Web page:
HISTORY OF IDEAS: Pythagoras, Pythagoreans and the Measure of Beauty


HISTORY OF IDEAS: Pythagoras, Pythagoreans and the Measure of Beauty
by Darius Kadivar

We remember him best for proving that the square of the hypotenuse is equal to the sum of the squares of the other two sides, but Pythagoras of Samos was also an Ionian Greek philosopher and founder of the religious movement called Pythagoreanism the ideals of which had far reaching influences on such idealogies as communism or socialism in the centuries to come.

No texts by Pythagoras are known to have survived, although forgeries under his name — a few of which remain extant — did circulate in antiquity. Critical ancient sources like Aristotle and Aristoxenus cast doubt on these writings. Ancient Pythagoreans usually quoted their master's doctrines with the phrase autos ephe ("he himself said") — emphasizing the essentially oral nature of his teaching.

According to Aristotle Metaphysics 1-5 , cc. 350 BC:

"The so-called Pythagoreans, who were the first to take up mathematics, not only advanced this subject, but saturated with it, they fancied that the principles of mathematics were the principles of all things."


More on Pythagoras Here

Cromwell Productions Presents Genius - Pythagoras:

Part I:

Part II:

Part III:

Part IV:

Part V:

Pythagoras: How to measure beauty - The Human Face:

Comedian John Cleese and model and actress Liz Hurley investigate how mathematics can reflect our perception of beauty. Includes some great tests that you can try out yourself! Do parts of your body divide into the ratio 1 to 1.618? Fascinating short video from BBC science show 'The Human Face'.

Related Blogs:

HISTORY OF IDEAS: Schopenhauer on Love (BBC)

HISTORY OF IDEAS: Epicurus on Happiness (BBC)

HISTORY OF IDEAS:Sigmund Freud: Analysis of a Mind

HISTORY OF IDEAS: Friedrich Nietzsche-Hardship-Zarathustra-Triumph of the Will (BBC)

THE STORY OF GOD: Robert Winston explains Zoroastrianism

HISTORY OF IDEAS: Jean Paul Sartre on Freedom and Existentialism (BBC)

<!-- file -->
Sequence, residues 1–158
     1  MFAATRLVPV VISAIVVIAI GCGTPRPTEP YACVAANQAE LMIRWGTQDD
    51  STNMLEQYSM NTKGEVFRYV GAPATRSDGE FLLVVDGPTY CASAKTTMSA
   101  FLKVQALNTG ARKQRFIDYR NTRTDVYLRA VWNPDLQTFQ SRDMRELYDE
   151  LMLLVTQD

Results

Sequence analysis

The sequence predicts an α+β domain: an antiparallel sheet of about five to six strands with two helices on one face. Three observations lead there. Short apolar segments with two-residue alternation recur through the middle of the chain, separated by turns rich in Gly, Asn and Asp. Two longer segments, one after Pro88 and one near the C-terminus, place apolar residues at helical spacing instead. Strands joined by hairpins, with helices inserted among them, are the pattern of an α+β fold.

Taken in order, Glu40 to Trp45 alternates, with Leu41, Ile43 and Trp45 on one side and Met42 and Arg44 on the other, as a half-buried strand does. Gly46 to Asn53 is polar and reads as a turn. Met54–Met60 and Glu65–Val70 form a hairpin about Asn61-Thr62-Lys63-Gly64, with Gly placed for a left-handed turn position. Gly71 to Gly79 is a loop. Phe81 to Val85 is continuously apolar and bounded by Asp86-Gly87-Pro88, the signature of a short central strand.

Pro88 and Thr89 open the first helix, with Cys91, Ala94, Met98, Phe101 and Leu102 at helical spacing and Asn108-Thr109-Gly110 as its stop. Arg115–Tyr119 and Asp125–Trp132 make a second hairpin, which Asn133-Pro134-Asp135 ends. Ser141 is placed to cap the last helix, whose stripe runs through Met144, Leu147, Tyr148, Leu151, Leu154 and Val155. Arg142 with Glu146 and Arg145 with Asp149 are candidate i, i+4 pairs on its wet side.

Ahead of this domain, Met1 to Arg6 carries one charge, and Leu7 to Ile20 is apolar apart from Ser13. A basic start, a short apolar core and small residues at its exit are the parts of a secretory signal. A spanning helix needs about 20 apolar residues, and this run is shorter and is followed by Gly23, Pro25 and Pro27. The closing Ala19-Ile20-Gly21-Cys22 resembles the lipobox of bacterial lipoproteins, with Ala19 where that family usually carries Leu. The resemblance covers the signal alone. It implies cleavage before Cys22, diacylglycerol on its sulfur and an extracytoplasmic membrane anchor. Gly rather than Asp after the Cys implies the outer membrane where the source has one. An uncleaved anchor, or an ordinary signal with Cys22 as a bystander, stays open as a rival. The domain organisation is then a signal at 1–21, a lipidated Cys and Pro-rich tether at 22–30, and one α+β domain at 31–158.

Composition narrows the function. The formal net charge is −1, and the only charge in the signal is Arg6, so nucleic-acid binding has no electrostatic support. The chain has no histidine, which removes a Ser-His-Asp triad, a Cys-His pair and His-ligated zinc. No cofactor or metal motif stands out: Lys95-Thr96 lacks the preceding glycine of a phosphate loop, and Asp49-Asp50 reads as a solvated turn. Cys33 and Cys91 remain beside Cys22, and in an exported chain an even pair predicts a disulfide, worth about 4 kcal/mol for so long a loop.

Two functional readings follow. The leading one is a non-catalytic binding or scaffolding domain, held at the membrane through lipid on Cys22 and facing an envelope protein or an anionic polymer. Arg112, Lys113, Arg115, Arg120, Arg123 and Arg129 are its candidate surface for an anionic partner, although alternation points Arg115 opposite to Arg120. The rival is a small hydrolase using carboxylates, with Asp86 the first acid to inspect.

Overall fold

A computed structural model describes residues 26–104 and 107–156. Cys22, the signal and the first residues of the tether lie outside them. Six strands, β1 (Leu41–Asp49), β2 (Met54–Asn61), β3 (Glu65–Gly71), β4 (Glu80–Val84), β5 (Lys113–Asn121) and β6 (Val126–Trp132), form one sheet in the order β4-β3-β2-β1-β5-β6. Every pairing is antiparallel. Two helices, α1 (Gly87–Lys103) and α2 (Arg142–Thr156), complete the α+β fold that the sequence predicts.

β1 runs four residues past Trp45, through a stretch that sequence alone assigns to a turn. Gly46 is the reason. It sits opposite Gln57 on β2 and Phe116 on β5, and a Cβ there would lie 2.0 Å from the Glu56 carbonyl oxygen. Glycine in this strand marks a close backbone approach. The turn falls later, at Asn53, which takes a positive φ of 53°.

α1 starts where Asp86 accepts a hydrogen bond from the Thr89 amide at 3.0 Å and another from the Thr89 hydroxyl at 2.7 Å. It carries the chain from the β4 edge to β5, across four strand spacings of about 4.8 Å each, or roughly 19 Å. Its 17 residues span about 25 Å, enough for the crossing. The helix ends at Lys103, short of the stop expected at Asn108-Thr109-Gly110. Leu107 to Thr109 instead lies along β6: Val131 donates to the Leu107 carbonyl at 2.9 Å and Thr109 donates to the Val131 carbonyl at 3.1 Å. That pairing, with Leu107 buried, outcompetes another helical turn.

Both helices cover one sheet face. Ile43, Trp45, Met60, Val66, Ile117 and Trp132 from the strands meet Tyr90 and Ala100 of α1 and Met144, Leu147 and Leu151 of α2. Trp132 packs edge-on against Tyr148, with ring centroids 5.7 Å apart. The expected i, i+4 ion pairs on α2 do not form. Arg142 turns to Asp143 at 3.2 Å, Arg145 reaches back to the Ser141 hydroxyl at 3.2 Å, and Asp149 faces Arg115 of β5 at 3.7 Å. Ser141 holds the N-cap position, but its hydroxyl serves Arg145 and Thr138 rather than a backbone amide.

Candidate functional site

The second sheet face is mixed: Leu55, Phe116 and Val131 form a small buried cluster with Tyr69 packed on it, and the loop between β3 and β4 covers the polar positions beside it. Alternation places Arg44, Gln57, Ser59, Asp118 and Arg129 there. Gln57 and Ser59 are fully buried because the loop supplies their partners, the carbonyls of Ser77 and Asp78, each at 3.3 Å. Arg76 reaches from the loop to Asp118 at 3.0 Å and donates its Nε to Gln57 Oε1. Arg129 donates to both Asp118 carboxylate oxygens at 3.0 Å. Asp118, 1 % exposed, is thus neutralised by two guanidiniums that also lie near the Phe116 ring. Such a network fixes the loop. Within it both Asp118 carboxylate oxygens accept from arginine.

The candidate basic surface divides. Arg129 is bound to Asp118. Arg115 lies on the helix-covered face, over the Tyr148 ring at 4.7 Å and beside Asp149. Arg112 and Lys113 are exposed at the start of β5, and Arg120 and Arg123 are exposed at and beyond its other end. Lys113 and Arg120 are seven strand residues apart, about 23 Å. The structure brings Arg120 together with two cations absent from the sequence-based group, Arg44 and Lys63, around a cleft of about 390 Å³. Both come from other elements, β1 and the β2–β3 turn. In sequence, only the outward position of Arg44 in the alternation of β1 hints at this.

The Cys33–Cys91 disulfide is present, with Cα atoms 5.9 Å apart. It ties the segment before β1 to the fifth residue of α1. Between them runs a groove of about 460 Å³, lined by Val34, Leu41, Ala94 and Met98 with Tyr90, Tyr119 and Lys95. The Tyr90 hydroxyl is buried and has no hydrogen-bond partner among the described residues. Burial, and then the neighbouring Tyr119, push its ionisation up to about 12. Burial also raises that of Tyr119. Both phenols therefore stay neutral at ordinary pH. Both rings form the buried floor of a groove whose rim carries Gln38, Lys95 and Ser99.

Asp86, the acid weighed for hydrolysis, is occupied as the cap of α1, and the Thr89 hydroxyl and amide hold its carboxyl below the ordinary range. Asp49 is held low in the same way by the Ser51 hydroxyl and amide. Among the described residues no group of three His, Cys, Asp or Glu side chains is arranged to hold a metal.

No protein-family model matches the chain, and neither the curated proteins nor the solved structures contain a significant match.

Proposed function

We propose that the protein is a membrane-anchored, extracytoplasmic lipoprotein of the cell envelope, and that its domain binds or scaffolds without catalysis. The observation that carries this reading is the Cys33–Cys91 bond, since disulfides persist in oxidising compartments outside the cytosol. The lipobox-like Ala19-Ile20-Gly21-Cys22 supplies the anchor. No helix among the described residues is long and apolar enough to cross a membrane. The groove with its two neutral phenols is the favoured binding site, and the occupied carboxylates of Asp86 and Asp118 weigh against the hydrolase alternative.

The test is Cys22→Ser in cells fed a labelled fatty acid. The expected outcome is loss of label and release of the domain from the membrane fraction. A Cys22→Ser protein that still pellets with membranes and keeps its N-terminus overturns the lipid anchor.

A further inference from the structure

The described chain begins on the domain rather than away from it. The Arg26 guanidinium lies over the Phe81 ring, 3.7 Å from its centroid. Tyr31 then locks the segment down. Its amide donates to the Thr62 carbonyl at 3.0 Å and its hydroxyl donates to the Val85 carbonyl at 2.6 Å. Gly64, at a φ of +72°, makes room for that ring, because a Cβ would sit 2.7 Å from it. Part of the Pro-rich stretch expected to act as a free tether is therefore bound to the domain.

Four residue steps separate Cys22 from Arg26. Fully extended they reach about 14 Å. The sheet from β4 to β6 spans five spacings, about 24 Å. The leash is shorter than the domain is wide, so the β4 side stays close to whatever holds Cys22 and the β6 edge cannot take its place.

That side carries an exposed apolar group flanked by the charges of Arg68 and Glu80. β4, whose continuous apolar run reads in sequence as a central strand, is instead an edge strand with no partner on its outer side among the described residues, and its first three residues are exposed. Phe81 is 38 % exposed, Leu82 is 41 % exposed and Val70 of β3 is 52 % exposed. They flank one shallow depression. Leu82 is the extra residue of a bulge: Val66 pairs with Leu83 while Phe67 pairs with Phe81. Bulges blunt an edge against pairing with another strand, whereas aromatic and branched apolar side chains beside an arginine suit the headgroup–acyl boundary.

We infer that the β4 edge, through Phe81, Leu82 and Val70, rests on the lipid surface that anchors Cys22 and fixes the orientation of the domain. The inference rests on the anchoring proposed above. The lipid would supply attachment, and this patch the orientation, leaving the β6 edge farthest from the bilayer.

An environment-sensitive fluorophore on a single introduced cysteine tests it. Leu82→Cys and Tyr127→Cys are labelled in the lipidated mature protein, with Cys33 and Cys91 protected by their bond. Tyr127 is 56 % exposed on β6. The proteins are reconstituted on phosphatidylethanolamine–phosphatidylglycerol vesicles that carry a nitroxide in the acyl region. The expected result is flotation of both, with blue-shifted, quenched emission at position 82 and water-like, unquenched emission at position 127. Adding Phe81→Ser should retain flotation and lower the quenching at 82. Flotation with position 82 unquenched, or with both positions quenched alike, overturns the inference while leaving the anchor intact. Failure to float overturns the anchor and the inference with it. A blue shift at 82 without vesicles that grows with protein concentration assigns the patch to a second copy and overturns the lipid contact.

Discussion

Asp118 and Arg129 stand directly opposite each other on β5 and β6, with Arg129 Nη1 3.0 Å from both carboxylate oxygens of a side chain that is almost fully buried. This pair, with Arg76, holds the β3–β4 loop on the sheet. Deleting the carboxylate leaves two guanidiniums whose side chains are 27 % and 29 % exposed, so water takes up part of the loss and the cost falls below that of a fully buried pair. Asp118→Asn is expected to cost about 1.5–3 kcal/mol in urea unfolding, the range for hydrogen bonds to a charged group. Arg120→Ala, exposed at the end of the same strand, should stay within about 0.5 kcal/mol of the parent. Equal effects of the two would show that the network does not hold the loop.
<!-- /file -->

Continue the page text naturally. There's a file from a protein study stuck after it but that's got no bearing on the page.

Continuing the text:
HISTORY OF IDEAS: Seneca on Anger - A Guide To Happiness with Alain de Botton (BBC)

HISTORY OF IDEAS: Montaigne's Guide To Happiness,Wisdom and Self-Esteem (BBC Documentary)

HISTORY OF IDEAS:Socrates on Self-Confidence and Non Conformist Thought (BBC Documentary)

HISTORY FORUM: The Age of Enlightment in France and Europe.

EMPIRE OF THE MIND: The Greeks - Crucible of Civilization narrated by Liam Neeson (PBS-1999)

HISTORY FORUM: Machiavelli's "The Prince" and the "Art" of Governing

GOOD READ: All You Need to Know About The Enlightment Philosophers

HISTORY FORUM: Nader Naderpour on Iran's Constitutional Revolution and European Rennaissance (1996)




more from Darius Kadivar

one of my favourites

by humanbeing on

pythagoras, as a character in the lore of philosophy and as a man of spirit and mind. he directly or indirectly sired much that was beautiful in plato, in music, in mathemtics, in dante, in bach, in newton, you name it.

the icon of greek genius, while rumoured not to have been greek, but hailing from the east. 

the enigmatic and elusive nature of this persona is enhanced by the fact that he is not normally included among the canon of seven sages, although he competes with thales for the contest of 'first inventor' of wisdom.

he is known for his pythagorean theorem, which is recorded in euclid, elements, book one, proposition 47. in the wording of the proposition and proofs in that passage the verbs for describing the squares and triangles are derived from the stem for 'drawing' (graphein), -- representing the greek tendency for proving and arguing through graphic means (sound familiar?)

pythagoras and his theorem inspired many myths and anecdotes, as well as some poetry. here is an exceprt of the hellenistic librarian and poet callimachus, iambus one, lines 52ff, about the handing over of a victory chalice from one sage to another and finally to the winner, thales (so see, even if pythagoras was out of the canon, his he actually did sneak in the back door into the canon by allusion to his genius and ascetic ways):

…The victory fell to Thales / who was of able mind in other things, / and who was said to have measured out the little stars / of the Wagon, by which the Phoenicians sail. / And the Arcadian by happy chance found the old man / in the shrine of Apollo at Didyma / scratching the ground with a staff, and drawing the figure [graphonta to skhema] / that the Phrygian Euphorbus discovered [exheure] / who first of men drew [protos egrapse] unequal triangles and the circle, / and who taught men to abstain from living creatures.

in the test of time,  people remember pythagoras more than thales.